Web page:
State Sen. Dave Osmek, a steadfast conservative known for blunt talk, launched a campaign for governor Tuesday with a pledge to fight for “Minnesota values.”
Osmek, of Mound, is the 10th Republican to declare his 2018 candidacy in a field that could get even bigger before voters start to narrow down the choices. DFL Gov. Mark Dayton is leaving after two terms, creating a scramble on both sides.
They’ll compete first for the party endorsement at next spring’s state convention, with an August primary race possible to set the stage for November.
“If you want a fighter to fight for your values, I’m your guy. I’m not going to play Minnesota Nice. I’m going to go to bat for those values,” Osmek said, surrounded by his family and supporters.
He describes Minnesota values as hard work over handouts and playing by the rules to get ahead. Osmek promised to scrap the Metropolitan Council and scuttle planned light-rail expansions if elected. He said he would consider eliminating Minnesota’s state-based health insurance exchange.
His populist tone echoed the one that paid off for President Donald Trump’s campaign, although Trump fell short of winning Minnesota.
“I’m not going to be the person the establishment is going to like because I’m going to follow those core values that I was brought up with. Am I appealing to Trump voters? No,” Osmek said. “I’m appealing to every voter in Minnesota.”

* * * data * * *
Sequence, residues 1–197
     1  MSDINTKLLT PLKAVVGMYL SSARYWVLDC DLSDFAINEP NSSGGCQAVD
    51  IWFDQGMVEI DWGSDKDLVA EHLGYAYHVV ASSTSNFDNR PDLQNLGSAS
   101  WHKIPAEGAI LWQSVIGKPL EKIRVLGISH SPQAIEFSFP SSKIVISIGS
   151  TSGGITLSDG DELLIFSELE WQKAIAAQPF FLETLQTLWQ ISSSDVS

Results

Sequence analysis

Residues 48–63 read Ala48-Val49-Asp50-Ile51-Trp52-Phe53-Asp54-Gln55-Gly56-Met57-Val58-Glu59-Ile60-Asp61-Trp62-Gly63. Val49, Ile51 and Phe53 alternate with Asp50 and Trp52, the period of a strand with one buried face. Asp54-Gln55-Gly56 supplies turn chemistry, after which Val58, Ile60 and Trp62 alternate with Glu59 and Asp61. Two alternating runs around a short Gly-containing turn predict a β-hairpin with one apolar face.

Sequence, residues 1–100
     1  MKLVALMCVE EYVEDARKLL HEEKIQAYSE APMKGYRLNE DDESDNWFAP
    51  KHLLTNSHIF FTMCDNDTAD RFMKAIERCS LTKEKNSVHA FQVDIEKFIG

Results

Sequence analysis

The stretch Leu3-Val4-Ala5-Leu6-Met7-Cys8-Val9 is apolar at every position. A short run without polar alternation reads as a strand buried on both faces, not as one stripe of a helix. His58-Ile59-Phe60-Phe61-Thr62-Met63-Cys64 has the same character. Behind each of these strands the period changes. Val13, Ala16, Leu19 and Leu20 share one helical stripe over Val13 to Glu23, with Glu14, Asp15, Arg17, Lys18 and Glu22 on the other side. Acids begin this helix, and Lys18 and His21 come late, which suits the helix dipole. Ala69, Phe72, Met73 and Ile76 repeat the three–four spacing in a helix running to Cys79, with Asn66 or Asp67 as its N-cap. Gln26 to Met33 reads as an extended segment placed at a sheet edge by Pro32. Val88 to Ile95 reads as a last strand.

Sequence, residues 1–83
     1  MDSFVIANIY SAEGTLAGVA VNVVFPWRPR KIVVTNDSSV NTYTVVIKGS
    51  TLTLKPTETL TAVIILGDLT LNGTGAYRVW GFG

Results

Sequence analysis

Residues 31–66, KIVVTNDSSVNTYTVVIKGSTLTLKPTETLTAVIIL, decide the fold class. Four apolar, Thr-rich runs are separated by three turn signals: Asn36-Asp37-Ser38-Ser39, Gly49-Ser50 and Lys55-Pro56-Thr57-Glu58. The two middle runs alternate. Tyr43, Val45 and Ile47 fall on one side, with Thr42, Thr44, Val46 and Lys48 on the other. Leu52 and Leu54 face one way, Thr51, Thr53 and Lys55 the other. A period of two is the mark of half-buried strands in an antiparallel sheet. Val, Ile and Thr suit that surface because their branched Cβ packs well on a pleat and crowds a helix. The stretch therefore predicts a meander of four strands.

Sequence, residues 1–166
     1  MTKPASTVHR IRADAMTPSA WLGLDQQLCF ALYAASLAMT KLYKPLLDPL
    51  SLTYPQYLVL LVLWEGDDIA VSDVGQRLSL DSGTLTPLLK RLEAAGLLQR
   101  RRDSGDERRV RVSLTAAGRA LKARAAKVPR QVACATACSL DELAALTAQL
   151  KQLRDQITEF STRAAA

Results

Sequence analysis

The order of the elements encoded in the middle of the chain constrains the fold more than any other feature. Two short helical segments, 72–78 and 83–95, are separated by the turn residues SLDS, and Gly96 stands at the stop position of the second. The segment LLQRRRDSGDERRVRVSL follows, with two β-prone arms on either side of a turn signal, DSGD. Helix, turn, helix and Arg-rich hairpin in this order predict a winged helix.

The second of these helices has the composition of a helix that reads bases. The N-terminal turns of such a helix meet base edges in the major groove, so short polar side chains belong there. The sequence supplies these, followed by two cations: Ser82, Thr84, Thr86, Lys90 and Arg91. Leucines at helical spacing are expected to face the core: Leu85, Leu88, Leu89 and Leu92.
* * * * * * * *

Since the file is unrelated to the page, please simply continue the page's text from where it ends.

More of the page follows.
Osmek said he’ll seek the GOP endorsement next spring and leave the race if he doesn’t get it.
Away from the Legislature, he’s currently a project manager at insurance giant UnitedHealth Group. He previously served on the Mound city council.
Osmek’s candidacy is the first from a sitting state senator, which is notable given his party’s 34-33 control in that chamber. The departure of any Republican ahead of 2020 would force a special election, giving the DFL a chance to swing the tide. That said, Osmek hails from a reliably conservative district and ran up big numbers in his two victories. Osmek wouldn’t have to give up his seat in the Senate if he’s not elected governor.
He is chairman of the Senate Energy and Utilities Finance and Policy Committee. He gained attention last year for being the sole legislator to vote against an internet privacy measure, which he said hadn’t received proper vetting. It ultimately got shelved in late-session negotiations.
But he’s also been one of the loudest critics of light-rail expansion efforts, a stance that resonates with many in his party.
The burgeoning field of Republicans includes: state Rep. Matt Dean, a former House majority leader; former state GOP chairman Keith Downey; Ramsey County Commissioner Blake Huffman; and Hennepin County Commissioner Jeff Johnson, the party’s 2014 nominee. There are five candidates who haven’t held prior office: Chris Chamberlin, Nikolay Bey, Phillip Parrish, Ole Savior and Jeffrey Wharton.
Democrats also have a robust field featuring: St. Paul Mayor Chris Coleman; state Rep. Erin Murphy, a former House majority leader; state Rep. Tina Liebling; State Auditor Rebecca Otto; state Rep. Paul Thissen, a former House speaker; and U.S. Rep. Tim Walz.
There are heavyweights in both parties still considering whether to enter the race.